Wilderness Glass reflects back on 15 years
October 2, 2008 · Updated 6:51 PM
NORTH BEND - A glazier works with glass, cutting it, installing it. Sue Beauvais is the granddaughter of a glazier and the daughter of a glazier. So it should be no surprise that she is also a glazier.
"I have glass in my veins," she said.
In 1987, Beauvais and her friend, Matt Walker, opened the first glass business in North Bend, Wilderness Glass.
You may remember the article that the Valley Record published then. Today, that article is a thin, yellow clipping that Beauvais keeps in a frame.
Initially, the two entrepreneurs assumed that they would easily pin down every glass job in the Valley. However, they soon found that contractors typically buy the cheapest, rather than the best, bid available.
Instead of sacrificing the quality of their products and craftsmanship to be competitive for commercial contracts, Beauvais and Walker focused on the retail market of private homeowners in the Snoqualmie Valley.
Fifteen years later, they still sell the best-known products in the industry, like Milgard Windows, Marvin Windows and Velux Skylights, to their loyal base of customers. Beauvais recalled a customer for whom Wilderness Glass has installed windows in three different houses - each time the customer moved.
Fifteen years encompasses many ups and downs. Business has not always been streak-free. Following the opening, Beauvais' brother, Chuck, one of the original owners, jumped off a boat and landed on a dock. He split one of his kidneys in three places.
While Chuck was recovering from his injury, Beauvais and Walker needed an extra hand. They hired Randy Rhoton, who still works there.
Then in 1991 Wilderness Glass moved to its current location. Bad news arrived a few months later when the Gulf War began.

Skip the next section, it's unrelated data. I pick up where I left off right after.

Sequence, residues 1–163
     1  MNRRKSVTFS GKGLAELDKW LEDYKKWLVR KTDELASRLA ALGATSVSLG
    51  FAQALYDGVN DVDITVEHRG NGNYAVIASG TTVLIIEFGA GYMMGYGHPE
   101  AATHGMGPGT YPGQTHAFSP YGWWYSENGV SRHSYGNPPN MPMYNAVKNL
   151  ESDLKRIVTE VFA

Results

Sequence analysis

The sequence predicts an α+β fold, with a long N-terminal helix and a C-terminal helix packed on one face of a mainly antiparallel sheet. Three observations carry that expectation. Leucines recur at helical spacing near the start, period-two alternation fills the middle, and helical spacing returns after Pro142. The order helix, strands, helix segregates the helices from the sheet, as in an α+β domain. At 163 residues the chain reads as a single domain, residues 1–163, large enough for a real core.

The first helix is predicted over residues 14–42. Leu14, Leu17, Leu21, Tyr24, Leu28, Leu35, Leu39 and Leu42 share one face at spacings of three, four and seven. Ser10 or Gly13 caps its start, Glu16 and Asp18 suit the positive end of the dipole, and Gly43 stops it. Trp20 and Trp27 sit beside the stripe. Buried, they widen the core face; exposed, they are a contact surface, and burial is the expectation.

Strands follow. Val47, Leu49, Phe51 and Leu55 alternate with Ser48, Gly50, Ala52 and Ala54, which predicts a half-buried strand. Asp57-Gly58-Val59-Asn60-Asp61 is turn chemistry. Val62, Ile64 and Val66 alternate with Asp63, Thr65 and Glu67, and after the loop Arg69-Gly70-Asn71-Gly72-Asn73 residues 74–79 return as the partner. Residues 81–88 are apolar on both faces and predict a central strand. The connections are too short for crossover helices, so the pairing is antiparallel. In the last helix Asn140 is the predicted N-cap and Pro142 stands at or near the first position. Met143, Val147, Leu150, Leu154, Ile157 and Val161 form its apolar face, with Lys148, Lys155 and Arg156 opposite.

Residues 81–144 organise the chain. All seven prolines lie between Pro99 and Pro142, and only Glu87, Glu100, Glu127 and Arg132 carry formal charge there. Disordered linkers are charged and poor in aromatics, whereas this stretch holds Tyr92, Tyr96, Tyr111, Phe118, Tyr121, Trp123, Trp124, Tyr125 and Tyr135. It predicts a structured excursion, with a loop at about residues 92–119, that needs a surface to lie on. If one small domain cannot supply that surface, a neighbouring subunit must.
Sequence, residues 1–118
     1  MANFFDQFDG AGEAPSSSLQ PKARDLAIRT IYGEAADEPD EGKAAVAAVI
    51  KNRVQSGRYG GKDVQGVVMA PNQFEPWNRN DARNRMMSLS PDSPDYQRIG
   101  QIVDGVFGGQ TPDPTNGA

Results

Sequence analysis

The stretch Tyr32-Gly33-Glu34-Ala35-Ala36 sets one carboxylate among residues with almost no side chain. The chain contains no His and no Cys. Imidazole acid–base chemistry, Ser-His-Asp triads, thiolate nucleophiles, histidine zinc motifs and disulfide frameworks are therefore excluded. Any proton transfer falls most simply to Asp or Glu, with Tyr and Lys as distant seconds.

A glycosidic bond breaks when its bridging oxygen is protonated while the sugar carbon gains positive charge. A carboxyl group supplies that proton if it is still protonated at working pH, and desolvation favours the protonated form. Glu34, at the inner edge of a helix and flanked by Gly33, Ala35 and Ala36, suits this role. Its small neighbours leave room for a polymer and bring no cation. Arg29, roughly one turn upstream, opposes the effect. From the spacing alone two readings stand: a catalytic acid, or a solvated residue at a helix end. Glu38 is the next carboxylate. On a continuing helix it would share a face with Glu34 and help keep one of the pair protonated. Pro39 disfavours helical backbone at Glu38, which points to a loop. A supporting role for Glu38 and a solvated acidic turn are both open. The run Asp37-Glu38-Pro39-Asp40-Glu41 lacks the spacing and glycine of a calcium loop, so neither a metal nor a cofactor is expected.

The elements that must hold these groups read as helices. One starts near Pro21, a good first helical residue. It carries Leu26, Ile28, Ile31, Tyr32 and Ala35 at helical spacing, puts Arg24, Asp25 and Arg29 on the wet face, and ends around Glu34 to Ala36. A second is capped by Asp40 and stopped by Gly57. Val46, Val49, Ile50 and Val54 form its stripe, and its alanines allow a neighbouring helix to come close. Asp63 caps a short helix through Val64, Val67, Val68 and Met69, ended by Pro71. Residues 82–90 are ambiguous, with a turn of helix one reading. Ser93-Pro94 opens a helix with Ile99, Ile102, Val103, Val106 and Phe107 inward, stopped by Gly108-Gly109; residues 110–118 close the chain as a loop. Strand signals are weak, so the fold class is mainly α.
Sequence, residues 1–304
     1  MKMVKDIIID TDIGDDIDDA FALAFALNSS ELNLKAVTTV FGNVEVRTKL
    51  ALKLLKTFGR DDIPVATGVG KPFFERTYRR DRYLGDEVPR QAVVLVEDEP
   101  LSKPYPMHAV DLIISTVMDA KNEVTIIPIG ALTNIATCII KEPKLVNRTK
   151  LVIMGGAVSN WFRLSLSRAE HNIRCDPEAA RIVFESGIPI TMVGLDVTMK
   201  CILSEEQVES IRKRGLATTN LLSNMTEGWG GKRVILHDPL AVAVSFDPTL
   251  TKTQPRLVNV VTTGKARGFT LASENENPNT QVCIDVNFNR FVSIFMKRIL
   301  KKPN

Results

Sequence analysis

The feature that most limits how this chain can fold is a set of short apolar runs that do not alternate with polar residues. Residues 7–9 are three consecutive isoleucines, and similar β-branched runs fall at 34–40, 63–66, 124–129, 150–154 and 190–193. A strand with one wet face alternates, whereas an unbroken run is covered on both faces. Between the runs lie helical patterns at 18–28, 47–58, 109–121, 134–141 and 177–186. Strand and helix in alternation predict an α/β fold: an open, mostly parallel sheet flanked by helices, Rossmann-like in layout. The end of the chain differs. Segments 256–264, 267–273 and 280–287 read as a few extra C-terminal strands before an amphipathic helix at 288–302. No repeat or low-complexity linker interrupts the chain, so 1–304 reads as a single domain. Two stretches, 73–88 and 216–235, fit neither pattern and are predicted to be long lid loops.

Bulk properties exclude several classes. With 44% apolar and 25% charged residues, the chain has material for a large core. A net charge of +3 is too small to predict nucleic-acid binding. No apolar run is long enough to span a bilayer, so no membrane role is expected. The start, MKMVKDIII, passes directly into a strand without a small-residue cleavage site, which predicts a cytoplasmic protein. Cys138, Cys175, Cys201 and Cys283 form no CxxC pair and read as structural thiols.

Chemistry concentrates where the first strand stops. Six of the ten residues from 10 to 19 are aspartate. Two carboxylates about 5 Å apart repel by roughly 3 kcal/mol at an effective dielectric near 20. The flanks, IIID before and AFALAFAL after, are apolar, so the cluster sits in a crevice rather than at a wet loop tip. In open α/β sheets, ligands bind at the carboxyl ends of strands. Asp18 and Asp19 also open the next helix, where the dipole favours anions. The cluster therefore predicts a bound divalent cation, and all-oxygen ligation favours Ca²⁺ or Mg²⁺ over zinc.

"That was probably the worst year of my life. The economy went into the toilet. We had to lay almost everyone off," Beauvais said.
Weathering the tough times testifies to what has kept Wilderness Glass afloat from the beginning: a commitment to quality goods and service.
"We're providing a valuable service, not a luxury item. Lots of things you can live without; windows ain't one of them," said Beauvais' assistant, Judy Boyce.
Dedication reaps its own rewards. But it is always uplifting to be recognized by one's own community. In 1997, Wilderness Glass was awarded Business of the Year by the Snoqualmie Valley Chamber of Commerce.
Wilderness Glass carries a full selection of items to choose from, including windows, mirrors, shower doors - even screens. The business is listed in the Green Works Directory, a compilation of companies that practice recycling and re-using.
Beauvais called the listing "a feather in our cap." Wilderness Glass breaks down the aluminum from the frames of windows that it removes and recycles it.
At Wilderness Glass the craft of glazing continues to be passed from generation to generation. Walker trained his son, Zach, as a glazier. In addition, Channing Riach received her glazier training at Wilderness Glass.
It could be that after the next fifteen years have passed this article will be yellowed and thin, like the clipping from 1987. And Wilderness Glass will be celebrating 30 years of business.
* Wilderness Glass is located at 43415 S.E. 128th Place, North Bend. Business hours are 8 a.m. to 5 p.m. Mondays through Fridays. You can call Wilderness Glass (425) 888-9666, or visit www.wildernessglass.com.